If you are a lip balm addict, you can quit if you are ready to do so. I went years and years before I just got fed up with the routine. It will happen suddenly, and if you are reading this, you are searching for help. I think there is a market driven industry that loves if you continually use their product. I was shocked to read about the little girl that applied crayon to her lips at school when she realized she left her lip balm at home. Remember this mantra…if you don’t start, you don’t have to stop. If you are addicted, you are stronger than you know! Sign me…lip balm free! So long Blistex! All product into the trash where it belongs.
A fairly even-handed view of lip balm addiction has just been published by Modern Chic Magazine. Author Gabrielle Blue sums it up this way:
No company wants to be the first to admit their product is in any way harmful or addictive, and for all we know the lip balm industry is innocent. But as lip balm addicts continue to grow in numbers, develop support groups on Facebook and unite to kick the habit on sites such as Lip Balm Anonymous, itâ€™s getting harder to believe thereâ€™s no truth to their claims.
Blue also got some plum quotes, including one from Carma Labs, makers of Carmex.Â â€œWe are addictive,â€ says Mike Pietsch, vice-president of sales at Carma Labs.Â â€œWeâ€™re addictively good.â€ Â Talk about playing up the addictive legend for fun and profit! Â Meanwhile,Â Paula Begoun , author of â€œThe Original Beauty Bibleâ€ says of “medicated” balms such as Carmex, “â€˜Medicated,â€™ however, is at best a dubious term.”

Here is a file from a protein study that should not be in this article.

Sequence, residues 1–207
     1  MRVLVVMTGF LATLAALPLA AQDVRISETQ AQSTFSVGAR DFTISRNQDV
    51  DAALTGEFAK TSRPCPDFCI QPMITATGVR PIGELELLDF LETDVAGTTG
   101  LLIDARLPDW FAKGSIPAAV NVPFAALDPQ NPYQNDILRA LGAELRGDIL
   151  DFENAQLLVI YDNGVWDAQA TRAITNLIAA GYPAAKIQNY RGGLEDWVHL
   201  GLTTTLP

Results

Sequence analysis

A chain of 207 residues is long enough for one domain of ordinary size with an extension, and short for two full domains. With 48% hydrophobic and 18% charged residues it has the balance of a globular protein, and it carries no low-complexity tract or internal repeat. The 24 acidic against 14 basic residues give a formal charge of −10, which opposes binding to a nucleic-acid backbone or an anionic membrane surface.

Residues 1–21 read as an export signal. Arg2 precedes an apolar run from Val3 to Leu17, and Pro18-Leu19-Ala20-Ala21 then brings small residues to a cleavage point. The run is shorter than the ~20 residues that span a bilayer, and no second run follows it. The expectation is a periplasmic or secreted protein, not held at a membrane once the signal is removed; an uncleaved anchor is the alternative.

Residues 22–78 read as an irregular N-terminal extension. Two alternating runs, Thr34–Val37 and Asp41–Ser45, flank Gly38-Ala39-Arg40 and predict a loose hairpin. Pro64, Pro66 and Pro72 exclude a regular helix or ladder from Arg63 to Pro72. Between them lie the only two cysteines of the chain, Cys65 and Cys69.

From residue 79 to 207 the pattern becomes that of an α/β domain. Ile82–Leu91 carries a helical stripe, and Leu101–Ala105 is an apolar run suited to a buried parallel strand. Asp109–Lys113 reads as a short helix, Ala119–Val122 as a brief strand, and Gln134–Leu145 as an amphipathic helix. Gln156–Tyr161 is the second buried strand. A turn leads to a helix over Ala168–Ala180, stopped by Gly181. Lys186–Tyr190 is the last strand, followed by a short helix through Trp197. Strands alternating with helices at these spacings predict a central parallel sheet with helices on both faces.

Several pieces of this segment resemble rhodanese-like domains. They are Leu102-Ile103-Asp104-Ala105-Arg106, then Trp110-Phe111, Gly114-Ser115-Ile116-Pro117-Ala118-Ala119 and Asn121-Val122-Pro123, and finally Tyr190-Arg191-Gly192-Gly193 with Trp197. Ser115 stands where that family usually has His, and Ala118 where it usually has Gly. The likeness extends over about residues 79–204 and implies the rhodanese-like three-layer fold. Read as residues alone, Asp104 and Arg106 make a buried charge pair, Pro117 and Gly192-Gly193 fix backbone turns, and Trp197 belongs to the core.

Read more: three-part expose at Modern Chic Magazine, The Lip Balm Addiction.
I really did not think I had a addition until I took the quizÂ becauseÂ I am on Accutane and if I don’t put any on for a few hours my lips crack and bleed and I have always had dry skin on every wear except my face (which is extremliyÂ oily) with onÂ exceptionÂ my lips which wereÂ usuallyÂ dry and I haveÂ dandruffÂ becauseÂ of a dry scalp and a rash becuse my skin is so dry (this started two day affter going on Accutane) and IÂ usuallyÂ forget to put any on until they crack but I put it on a lot and if I lose mine I just have to buy another and I put it on no matter were I am except on stage.
So do I have a addition or not?
Addictions of all types are not uncommon in the performing arts, so your question is important and timely. The good news is that your acne should fade as you age out of your teenage years, making your skin much more moist and lessÂ susceptibleÂ to dryness and cracking. But, given the issues, it is probably best to talk to your dermatologist about your problems with your acne medicine.
Are you addicted? Well, your rambling description might be signs of being “out of it” due to your addiction, or might just be poor grammar. It sounds like you use lip balm only when your lips are really cracked and dry, and once they return to normal you stop using. That would lead me to believe that no, you are not addicted at this time.